proposition 1

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Knowledge about cartopology is gained

by working as a cartopologist in an

integral self-sufficient artistic research



local loop

point to point


This panoramic view of a mountain doesn’t

just come from anywhere. It fits the context and

visualization of cartopology in a broad field of

research disciplines, but to be honest, I also just really

like mountains. It don’t even have to be very high

ones. I enjoy them for running, hiking or just being

outside. Sharing this panorama, I share a piece of

my personal life. Doing so, I take part in my research.

Caropological researchers position themselves within

their research. I am both present on the mountain,

navigating through my research project and making

and moulding it at the same time. I know through the

exploration of a yet to be discovered mountain side.

Mountains are often equipped with cable

elevators. To get to a higher part, faster and with less

energy and effort, or sometimes to get all the way

to the top. The Aiguille du Midi in the Mont-Blanc-

Massif in the French Alps has been the largest cable

elevator for two decades and brings you without any

effort but 67 euros for one adult to the 3842m high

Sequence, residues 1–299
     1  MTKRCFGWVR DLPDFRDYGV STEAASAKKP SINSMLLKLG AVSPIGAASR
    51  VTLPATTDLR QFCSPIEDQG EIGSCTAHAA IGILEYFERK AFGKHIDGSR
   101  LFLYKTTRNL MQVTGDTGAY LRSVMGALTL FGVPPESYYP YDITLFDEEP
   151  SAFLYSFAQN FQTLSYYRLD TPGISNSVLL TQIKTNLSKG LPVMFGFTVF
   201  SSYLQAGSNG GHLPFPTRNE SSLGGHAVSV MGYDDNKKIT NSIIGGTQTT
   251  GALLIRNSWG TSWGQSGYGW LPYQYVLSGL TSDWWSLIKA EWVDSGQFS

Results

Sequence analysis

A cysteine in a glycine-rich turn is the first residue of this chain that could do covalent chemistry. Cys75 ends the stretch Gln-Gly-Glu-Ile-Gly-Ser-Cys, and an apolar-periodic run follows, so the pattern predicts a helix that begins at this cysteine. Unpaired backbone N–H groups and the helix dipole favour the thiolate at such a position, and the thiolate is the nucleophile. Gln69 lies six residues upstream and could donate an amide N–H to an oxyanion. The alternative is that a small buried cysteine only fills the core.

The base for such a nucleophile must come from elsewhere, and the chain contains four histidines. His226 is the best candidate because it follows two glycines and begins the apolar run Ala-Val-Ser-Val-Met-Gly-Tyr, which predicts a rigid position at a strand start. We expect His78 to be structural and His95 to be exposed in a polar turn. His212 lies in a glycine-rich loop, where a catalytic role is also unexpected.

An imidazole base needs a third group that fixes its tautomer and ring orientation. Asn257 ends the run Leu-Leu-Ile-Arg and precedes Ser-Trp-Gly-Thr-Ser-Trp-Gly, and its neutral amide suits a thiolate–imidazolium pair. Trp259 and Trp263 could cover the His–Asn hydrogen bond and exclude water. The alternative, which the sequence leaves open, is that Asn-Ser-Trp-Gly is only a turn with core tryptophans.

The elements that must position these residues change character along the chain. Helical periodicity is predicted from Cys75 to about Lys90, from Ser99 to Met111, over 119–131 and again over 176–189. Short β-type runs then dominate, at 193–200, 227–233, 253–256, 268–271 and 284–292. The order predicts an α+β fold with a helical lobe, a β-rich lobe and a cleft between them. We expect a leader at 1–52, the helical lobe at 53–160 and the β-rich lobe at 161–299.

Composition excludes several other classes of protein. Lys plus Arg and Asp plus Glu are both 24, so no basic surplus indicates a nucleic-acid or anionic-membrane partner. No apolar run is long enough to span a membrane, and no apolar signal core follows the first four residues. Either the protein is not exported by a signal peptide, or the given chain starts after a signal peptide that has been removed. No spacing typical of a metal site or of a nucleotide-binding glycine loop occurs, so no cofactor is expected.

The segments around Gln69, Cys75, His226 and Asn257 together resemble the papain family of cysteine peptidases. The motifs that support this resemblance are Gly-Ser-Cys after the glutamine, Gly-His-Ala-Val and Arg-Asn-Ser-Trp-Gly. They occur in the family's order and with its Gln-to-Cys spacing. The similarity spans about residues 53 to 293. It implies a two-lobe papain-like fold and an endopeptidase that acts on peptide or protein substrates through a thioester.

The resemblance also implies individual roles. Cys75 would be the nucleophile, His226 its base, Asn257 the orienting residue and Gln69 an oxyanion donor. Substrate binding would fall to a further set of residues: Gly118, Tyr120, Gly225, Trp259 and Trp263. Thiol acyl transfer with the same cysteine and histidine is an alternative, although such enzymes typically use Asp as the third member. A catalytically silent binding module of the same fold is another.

terrace. (1) Even some hills in the Netherlands like

the Heunsberg, with its summit at 145m above sea

level in Valkenburg aan de Geul are equipped with

a cable elevator. (2) Mountains stimulate a kind of

urge to reach the highest peak. I don’t feel that urge

myself, or to be honest, I’ve learned myself not aiming

for the summit. Trail runners and hikers don’t want

to take the elevator to the summit, they rather take

on the challenge of climbing the mountain. Being an

amateur trailrunner myself, the end of my runs is not

at the summit but rather back down, maybe on the

other side of the massif. We undertake expeditions on

the mountain sides focusing on being on exploration

without a fixed goal. In this perspective the summit

becomes a decadent isolated place, reached by

using elevators, detached from its context. The

changing fauna and flora, experiencing the tree line

and so many other things you encounter along the

way, how can you ‘skip’ that by taking a cable car to

fulfill your urge to the summit? (3)